Mexico’s new energy outlookJune 24, 2015
Head of the non-tax revenue policy unit at Mexico’s Secretariat of Finance and Public Credit, Eduardo Camero Godínez, provides an overview of the economic terms of the Round One tender and explains how the financial framework of the country’s oil and gas industry has changed with the implementation of the energy reform.
Mexico is issuing exploration and production contracts for oil and gas for the first time in its history. The government has received formal feedback from companies that have had the chance to evaluate the contract model being used in the Round One tender.
This has helped the Secretariat of Finance and Public Credit formulate some changes in the economic terms of the tender. However, it has had to determine which comments were useful for establishing a successful model, and which reflected only self-interest.
ECONOMIC TERMS: Companies had suggested that more clarification be made available regarding the economic terms being used in the first two shallow-water bidding rounds.
The secretariat has explained that the terms fall into three categories: those determined in law, including royalties and other taxes; those defined in the terms and conditions of each bidding round, the most important being the adjustment mechanism; and those determined in the bidding process, primarily the oil split between companies and the government.
The royalty rate will be determined based on the price of the particular hydrocarbons produced in a given area. This is a set legal formula that cannot be changed.
Also defined in law, other taxes consist of a 30-percent corporate income tax and an additional tax that is determined by the surface area of the oil block awarded in the contract. These come out to roughly $100 per square kilometre during the exploration phase and about $400 per square kilometre once production activities begin.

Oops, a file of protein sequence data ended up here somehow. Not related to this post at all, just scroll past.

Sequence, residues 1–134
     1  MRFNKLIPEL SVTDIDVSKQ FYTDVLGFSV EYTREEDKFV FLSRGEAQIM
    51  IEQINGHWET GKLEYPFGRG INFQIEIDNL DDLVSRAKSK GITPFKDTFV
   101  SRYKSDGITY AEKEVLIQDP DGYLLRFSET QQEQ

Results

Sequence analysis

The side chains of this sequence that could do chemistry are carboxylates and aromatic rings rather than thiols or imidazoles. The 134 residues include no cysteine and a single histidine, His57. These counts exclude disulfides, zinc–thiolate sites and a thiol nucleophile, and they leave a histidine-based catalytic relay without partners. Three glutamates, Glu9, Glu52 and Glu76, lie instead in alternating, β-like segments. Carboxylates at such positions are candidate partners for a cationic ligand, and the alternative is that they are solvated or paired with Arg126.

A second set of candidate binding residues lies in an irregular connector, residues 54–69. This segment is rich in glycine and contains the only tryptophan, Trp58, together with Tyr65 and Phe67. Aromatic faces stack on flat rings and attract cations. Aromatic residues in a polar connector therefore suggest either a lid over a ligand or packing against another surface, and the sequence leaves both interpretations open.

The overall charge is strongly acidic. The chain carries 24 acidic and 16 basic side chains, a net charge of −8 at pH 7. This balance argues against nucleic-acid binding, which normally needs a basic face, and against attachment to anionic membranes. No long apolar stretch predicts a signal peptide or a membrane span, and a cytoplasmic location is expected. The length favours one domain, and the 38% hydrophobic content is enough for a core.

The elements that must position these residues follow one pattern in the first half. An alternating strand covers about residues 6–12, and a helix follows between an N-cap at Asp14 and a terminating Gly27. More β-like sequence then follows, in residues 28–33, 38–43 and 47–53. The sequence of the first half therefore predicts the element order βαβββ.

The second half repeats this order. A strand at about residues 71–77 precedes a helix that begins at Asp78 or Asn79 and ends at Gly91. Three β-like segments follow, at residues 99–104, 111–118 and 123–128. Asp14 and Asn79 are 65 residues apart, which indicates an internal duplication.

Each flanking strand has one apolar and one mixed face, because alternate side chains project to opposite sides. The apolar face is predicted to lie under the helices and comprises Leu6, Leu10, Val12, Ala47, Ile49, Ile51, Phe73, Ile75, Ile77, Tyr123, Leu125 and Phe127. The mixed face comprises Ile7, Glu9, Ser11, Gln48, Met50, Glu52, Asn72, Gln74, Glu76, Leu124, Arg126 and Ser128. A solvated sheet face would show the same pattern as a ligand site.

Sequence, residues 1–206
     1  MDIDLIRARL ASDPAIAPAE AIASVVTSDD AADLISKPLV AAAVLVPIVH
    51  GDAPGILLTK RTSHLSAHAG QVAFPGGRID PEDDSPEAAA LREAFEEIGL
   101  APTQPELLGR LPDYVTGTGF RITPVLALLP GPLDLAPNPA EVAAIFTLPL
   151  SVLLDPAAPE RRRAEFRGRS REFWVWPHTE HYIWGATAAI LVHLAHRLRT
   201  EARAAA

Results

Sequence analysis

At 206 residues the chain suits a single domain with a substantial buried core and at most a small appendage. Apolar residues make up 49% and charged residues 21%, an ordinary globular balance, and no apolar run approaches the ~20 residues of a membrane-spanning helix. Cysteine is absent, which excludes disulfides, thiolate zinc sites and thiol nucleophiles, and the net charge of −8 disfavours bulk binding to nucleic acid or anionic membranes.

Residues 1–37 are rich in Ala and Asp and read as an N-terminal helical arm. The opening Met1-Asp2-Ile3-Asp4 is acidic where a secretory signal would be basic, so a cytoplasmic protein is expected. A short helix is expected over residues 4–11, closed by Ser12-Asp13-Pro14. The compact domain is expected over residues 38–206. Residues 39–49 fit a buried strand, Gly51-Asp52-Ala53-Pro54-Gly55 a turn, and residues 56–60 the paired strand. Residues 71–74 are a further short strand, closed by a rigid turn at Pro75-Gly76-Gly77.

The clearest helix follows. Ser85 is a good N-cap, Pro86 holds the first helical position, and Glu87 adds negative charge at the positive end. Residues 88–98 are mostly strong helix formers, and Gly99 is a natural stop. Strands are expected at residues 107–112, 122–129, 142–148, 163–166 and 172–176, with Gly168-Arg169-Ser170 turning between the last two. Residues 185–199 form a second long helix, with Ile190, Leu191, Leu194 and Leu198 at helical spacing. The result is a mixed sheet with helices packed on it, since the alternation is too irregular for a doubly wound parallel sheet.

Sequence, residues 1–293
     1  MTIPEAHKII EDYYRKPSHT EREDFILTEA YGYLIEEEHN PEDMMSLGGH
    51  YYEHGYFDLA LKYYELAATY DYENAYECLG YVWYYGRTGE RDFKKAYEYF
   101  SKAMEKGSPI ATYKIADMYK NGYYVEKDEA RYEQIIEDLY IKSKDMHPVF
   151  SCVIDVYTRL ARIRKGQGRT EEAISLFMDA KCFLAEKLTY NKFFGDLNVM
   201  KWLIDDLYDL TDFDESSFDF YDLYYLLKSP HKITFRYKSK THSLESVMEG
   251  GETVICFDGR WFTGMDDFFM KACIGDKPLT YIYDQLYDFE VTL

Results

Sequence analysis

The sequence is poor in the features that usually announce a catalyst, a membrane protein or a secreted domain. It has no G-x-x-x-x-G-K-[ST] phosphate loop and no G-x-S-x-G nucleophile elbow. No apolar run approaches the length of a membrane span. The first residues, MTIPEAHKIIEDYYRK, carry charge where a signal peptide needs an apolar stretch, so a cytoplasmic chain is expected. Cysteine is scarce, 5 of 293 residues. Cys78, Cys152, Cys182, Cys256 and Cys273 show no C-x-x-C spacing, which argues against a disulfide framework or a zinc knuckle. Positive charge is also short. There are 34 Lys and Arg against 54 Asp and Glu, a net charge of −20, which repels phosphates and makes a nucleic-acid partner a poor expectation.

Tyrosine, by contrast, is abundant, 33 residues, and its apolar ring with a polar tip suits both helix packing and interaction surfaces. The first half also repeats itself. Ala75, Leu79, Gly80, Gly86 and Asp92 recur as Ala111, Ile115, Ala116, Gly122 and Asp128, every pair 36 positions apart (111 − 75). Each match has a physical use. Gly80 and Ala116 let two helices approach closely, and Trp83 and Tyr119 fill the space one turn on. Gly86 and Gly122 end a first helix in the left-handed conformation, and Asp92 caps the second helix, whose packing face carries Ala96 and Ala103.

FAIR SHARE: The terms of production-sharing agreements between operators and the government will not be determined by the contract, but by competition in the bidding rounds. Companies will bid on the oil split and thereby define the remainder of the economic model.
It is for this reason that the oil split between the government and companies cannot be determined ahead of time, as it will vary from block to block. The idea behind this model is that competition will drive the bidding process to and increase its efficiency.
These fiscal practices are common throughout the world. This method is more efficient because it reflects the economic conditions not only for each individual field, but also the market conditions at the time of bidding.
FISCAL FRAMEWORK: The Secretariat of Finance and Public Credit will no longer be responsible for receiving the revenue derived from oil and gas activities. The fiscal framework has changed, and oil revenues will no longer go directly into the general budget.
The Mexican Petroleum Fund for Stabilisation and Development was established in August 2014. Already in January 2015, it began receiving the associated revenue produced by national oil company Pemex on the blocks that it was awarded as a result of Round Zero.
The fund will continue to receive all oil and gas revenue in the future. It will transfer up to 4.7 percent of GDP to the general budget, and any oil revenues above that level will go to long-term savings automatically.
PEMEX BUDGET: Pemex announced in February 2015 that it would cut its annual budget by $4.5 billion in 2015, as a result of the global oil price slump. The government has also implemented about $3.6 billion in cuts for 2015, as Pemex revenues account for nearly 34 percent of the federal budget.
Pemex made the budget decision entirely on its own, with approval from its board. The company now has full budgetary autonomy, needing only to comply with financial balance goals that are set annually by Mexico’s Congress. The company now carries full responsibility for meeting the financial goals it sets on its own.
LOW OIL PRICES: The Secretariat of Finance and Public Credit has taken additional steps to secure government finances against times of low oil profits by hedging on the market each year. We establish the price within the budget at $79 per barrel. When the price drops below $79, states and municipalities can make use of resources established within the Stabilisation Fund of the States, a secondary stabilisation fund that bolsters the petroleum fund.
Of course, low prices are already affecting the bidding process. The unconventional round, which was postponed until a later date, which is yet to be defined, must wait for prices to reach a level that guarantees profitability.
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